Offering a boost to a beleaguered organization, the federal government has pledged $2.6 million to the Greater Sudbury Airport toward infrastructure needs.
Capital spending has largely fallen by the wayside since the pandemic hit in early 2020, which saddled the airport with a significant drop in travellers alongside various continued expenses.
The funding announced on June 28 will help fill this infrastructure gap, Greater Sudbury Airport CAO Todd Tripp told Sudbury.com.
It’ll cover some efforts to repair “wear and tear” issues, he said, and “more importantly, it’s upgrading to new infrastructure.”
The runways are currently lit by incandescent bulbs, which will soon be replaced by LEDs, which Tripp said last longer, reduce associated electrical costs by approximately 65 per cent, and prove more efficient during the winter months.
The funding will also help with various infrastructure changes at the airport most travellers are unlikely to notice.
“Over the years, Transport Canada changes regulations and changes things as they go to make them safer or they see things differently, so we’ll make sure we’re up to the new standards of airport regulations,” Tripp said, citing corner radius changes to accommodate new aircraft as an example.
The funding announcement was made by local Liberal MPs Marc Serré (Nickel Belt) and Viviane Lapointe (Sudbury), and follows a July 2021 federal investment of $3.5 million toward plugging a budget hole left.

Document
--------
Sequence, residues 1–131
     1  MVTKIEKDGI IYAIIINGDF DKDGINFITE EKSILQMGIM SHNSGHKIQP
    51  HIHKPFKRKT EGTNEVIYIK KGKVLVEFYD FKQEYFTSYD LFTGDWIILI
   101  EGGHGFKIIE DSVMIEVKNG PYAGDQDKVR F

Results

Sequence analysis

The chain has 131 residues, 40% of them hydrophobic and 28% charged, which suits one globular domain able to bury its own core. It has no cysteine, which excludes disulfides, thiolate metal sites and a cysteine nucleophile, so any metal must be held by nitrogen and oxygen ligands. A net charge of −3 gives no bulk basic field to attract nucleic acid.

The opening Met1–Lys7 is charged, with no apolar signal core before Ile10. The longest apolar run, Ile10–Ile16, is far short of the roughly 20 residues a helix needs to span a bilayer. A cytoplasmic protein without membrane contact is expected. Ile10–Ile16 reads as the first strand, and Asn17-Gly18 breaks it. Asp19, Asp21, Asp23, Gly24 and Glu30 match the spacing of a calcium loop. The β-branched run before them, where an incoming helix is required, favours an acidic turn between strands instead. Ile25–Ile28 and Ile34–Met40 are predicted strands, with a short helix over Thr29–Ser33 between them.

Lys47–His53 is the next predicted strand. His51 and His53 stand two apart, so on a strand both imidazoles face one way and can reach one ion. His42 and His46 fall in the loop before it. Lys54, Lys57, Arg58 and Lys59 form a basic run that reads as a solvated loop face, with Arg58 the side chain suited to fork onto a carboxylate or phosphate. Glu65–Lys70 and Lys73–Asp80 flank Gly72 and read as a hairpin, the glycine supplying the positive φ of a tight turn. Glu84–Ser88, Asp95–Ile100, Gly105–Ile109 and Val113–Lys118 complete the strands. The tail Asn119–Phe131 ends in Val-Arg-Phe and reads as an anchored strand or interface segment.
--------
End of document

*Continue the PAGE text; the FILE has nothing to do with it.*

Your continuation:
While last year’s funding targeted an operational shortfall, this week’s investment looks at sustaining the organization’s long-term viability, Serré told Sudbury.com.
Although air travel is on the rise, it currently sits at approximately 60 per cent of pre-pandemic numbers and will require external assistance to ensure the airport is able to meet future demands, Serré said.
“We’re going to make sure that the airport has the infrastructure in place, because Sudbury is known for mining, but there’s also SNOLAB, there’s also post-secondary institutions, there’s tourism, there’s a whole slew of other activities around the airport that are so important for economic development.”
Air travel has become bottlenecked in recent weeks as larger airports have adjusted to increasing air traffic volumes by rehiring staff, but Tripp said the Greater Sudbury Airport remains ready to take on growing passenger traffic.
“We are literally a feed for the globe from here,” he said. “If you go through that security door over there, you can get anywhere in the world with a connecting flight out of Toronto. That is huge, so we have to make sure that we are fully on, ready to go when the traffic starts to come back fully.”